Make sure a retrofit does not cause new problems while treating old ones - The Province, Sunday May 15th
May 17, 2011
I have received a lot of feedback on my previous column on "prioritizing" work on your home to get the best quality of life, comfort and savings from your energy-efficiency upgrades.
It is important to understand your home functions as a system involving insulation, draft proofing, heating, ventilation, windows, doors, and other items.
Here is a quote from a Natural Resources Canada publication called Keeping the Heat In. "It is important to understand how your house works before starting any retrofit work. This will ensure that the job will meet your expectations and that you will not be causing new problems while solving old ones."
If you do not draft-proof your home, the added insulation is not effectively doing its job. Draft proofing is achieved through items such as caulking, spray foam insulation, Tuck Tape, and so on.
Heating, air conditioning (heat pumps), and ventilation:
When you address your heating and cooling system, you will encounter items such as high-efficiency furnaces, heat pumps, HRVs (heat recovery ventilators), kitchen and bathroom exhaust fans. All of these items significantly affect how your house works. For example, high-efficiency condensing furnaces no longer remove air from inside the home.
This will increase the relative humidity inside your home.
Where does the additional moisture caused by this change end up inside your home? The moisture will end up on your window glass if you do not address ventilation. Heat pumps and air conditioners act like a high powered dehumidifier in your home, drying out your interior environment. HRVs and exhaust ventilation extract stale air from the home, allowing fresh air to come back into the home through makeup air vents. An additional benefit of an HRV is that fresh air from the outside is being warmed or cooled within the HRV.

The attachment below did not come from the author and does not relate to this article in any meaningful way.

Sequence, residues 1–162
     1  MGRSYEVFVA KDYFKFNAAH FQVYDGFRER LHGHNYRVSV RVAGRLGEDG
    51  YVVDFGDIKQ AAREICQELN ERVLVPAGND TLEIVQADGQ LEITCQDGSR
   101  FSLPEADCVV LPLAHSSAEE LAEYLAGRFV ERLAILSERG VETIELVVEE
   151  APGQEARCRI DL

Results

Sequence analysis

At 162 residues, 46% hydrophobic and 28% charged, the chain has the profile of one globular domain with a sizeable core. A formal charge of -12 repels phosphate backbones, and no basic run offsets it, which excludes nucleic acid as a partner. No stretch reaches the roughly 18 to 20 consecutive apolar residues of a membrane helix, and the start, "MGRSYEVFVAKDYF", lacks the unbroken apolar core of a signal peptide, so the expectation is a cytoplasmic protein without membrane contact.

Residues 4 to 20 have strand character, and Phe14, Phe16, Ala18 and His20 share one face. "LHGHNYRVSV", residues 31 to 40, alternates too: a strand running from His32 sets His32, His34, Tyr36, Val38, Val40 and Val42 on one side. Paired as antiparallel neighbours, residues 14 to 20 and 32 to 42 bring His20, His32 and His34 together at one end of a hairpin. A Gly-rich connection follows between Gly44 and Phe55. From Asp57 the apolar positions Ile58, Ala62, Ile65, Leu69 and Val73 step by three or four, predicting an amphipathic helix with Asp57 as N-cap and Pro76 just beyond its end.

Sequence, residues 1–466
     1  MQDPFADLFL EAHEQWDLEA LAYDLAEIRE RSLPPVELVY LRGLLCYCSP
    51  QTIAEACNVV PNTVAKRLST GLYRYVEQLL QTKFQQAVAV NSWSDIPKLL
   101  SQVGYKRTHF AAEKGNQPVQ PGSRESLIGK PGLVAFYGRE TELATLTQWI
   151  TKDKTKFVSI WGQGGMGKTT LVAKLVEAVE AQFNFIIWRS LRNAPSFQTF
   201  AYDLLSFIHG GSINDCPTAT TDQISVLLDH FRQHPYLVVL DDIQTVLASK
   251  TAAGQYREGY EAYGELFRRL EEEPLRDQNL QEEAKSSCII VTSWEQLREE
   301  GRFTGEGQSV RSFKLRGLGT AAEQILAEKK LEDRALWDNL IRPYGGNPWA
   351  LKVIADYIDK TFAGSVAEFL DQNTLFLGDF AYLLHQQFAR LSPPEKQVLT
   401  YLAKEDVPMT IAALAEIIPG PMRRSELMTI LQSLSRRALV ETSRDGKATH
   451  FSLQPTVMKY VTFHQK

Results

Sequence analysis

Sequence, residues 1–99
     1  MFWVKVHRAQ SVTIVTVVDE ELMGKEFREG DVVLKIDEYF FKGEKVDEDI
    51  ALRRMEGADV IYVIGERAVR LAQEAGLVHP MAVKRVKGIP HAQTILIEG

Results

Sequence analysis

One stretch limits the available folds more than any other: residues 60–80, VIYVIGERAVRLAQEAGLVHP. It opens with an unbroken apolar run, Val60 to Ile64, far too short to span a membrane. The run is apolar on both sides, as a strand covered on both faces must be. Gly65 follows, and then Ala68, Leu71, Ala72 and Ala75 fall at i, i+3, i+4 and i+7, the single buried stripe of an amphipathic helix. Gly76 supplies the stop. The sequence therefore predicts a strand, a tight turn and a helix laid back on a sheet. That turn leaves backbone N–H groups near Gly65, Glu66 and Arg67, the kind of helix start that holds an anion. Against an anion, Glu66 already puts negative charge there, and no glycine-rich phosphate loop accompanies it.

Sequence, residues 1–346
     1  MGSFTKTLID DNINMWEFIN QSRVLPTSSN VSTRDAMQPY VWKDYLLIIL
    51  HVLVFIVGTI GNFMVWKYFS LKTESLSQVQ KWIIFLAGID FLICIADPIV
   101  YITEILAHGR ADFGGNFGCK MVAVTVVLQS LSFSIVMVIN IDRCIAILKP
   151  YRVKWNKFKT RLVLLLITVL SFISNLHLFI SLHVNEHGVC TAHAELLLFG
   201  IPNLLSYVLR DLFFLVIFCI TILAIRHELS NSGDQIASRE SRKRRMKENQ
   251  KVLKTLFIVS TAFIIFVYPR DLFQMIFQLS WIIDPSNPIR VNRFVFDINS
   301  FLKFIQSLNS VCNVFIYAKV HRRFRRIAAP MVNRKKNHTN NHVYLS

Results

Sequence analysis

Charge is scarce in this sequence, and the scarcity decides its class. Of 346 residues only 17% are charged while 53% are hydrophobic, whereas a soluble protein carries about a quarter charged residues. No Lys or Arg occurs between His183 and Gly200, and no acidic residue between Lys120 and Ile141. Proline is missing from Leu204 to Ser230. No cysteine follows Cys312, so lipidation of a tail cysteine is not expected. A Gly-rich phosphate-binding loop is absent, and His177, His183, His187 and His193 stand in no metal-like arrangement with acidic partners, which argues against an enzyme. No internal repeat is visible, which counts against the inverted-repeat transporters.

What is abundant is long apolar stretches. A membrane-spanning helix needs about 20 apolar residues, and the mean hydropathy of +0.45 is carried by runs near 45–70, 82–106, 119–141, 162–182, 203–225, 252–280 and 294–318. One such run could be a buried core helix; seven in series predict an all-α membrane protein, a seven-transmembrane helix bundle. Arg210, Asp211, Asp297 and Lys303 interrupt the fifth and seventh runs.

Windows and doors:
These items are very important but in most cases they are installed before items addressed above. Besides making your home look more cosmetically appealing, new windows and doors tighten the home envelope, which can cause concerns with items that have not been addressed such as heating and ventilation as described above. Keep in mind, the value of comfort is what you address with new windows and doors, as well as the curb appeal they add to your home. The best window you can put in your home today with triple pane Low E/Argon glass, keeping affordability in mind, will give you an R value less than 1/4 the R value you can achieve from your wall insulation.
There are many other items that can be considered in a cost-effective, prioritized approach to upgrading your home, such as hot water boilers, tankless hot water heaters, thermostats, de-humidistats, skylights, and drain water heat recovery systems.
This article was published in The Province
newspaper, Sunday May 15th.